Since 2014, Africa Faith and Justice Network (AFJN) has been educating Ghanaians about the dangers of agro-colonialism, a new form of colonization by foreign multinationals and agents of non-African countries who are taking over Africa’s agriculture sector. For Ghana, this simply means a sinister takeover of Ghana’s food production system in order to ensure that Ghanaians remain food dependent. (To read the full report with analysis click here or to read the summarized version with activity pictures click here)

Ghana’s authorities recognized the country’s urgent need for food self-sufficiency and passed the National Biosafety Act in 2011 to enable the introduction of Genetically Modified Crops in Ghana’s agriculture food system. This law seeks to regulate the safe transfer, handling and use of Genetically Modified Organisms (GMO) with the exception of those that are for pharmaceutical use. Obviously, the introduction of GMO crops is intertwined with foreign land grabbing (Agro-colonialism) and unfortunately it is believed by Ghanaian authorities to be an answer to food insecurity.

The quiet spread across Africa of genetically modified crops such as corn is worrisome, requiring serious consideration and a strategic response. Kenya, for example, banned the importation and cultivation of genetically modified crops in 2012 to protect small farm holders and for safety reasons. The lifting of the ban this October 2022 by the newly elected President William Ruto is facing legal challenge in the high court filed by Mr. Paul Mwangi. The ongoing plan to genetically modify most of the local staple food crops threatens Africa’s future. The plan aims at replacing organic, indigenous, and publicly owned seeds and plants with genetically modified, privately owned crop seeds. Each planting season, every farmer will have to purchase seeds. This plan facilitates the transfer of wealth from poor small farm holders to rich foreign agribusiness giants.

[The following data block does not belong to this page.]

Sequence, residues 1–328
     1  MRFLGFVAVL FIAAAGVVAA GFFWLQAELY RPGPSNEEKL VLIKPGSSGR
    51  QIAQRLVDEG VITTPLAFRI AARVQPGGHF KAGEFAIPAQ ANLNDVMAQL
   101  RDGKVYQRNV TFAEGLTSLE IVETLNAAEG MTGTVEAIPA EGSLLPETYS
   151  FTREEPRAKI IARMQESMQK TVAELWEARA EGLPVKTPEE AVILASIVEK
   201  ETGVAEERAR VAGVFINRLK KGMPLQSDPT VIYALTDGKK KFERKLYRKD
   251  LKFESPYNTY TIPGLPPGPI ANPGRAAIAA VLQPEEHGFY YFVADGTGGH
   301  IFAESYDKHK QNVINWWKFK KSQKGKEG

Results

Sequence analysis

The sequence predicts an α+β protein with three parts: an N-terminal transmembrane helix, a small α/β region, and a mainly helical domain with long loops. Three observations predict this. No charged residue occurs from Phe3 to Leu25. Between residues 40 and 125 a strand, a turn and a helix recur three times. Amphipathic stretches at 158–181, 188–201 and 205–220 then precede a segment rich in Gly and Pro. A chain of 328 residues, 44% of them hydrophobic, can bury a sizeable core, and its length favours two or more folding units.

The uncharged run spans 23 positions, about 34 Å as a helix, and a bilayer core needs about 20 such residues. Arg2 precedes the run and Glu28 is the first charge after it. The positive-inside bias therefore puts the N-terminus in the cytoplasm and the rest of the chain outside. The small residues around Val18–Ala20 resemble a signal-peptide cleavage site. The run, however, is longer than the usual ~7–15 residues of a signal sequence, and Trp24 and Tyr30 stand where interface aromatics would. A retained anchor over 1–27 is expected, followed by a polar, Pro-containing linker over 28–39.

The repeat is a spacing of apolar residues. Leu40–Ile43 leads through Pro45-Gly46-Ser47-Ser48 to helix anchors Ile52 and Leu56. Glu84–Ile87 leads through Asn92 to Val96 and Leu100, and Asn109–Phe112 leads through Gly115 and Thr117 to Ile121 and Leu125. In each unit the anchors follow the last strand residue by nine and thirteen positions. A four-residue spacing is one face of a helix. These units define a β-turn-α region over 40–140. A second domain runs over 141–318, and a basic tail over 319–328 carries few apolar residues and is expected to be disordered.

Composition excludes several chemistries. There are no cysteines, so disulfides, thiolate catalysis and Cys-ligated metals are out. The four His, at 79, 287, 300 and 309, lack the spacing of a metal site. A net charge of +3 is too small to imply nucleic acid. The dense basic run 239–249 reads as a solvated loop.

In its 2017 report Down on the Seed: The World Bank Enables Corporate Takeover of Seeds, the Oakland Institute contrasts “farmer-managed seed systems” with the adoption of “chemical inputs and industrial seeds” that is favored by the World Bank. The report asserts that up to 90% of seeds for agriculture in developing countries still come from farmer-managed systems, and these crops are crucial to worldwide agricultural production. The traditional systems help preserve “agrobiodiversity, food security, and resilience against climate and economic shocks.” The diverse seeds provided by the farmer-based systems include varieties appropriate to certain environments.

The World Bank and many of its donors underestimate such advantages. They see chemical inputs and genetically modified seeds (“improved seeds”) as essential to feed the world. The agricultural inputs market, however, is controlled by an exclusive cartel of Western companies that will benefit most from the use of chemical fertilizers and GMO seeds. More than two-thirds of all commercial seed sales currently involve just six multinational companies. Farmers using GMO seeds are not free to use seed from their own crops, but must continue to buy the GMO seeds.

by Jacques Bahati, Policy Analyst and Thoughts Leader , Edited by Br. David P. Mahoney, CFX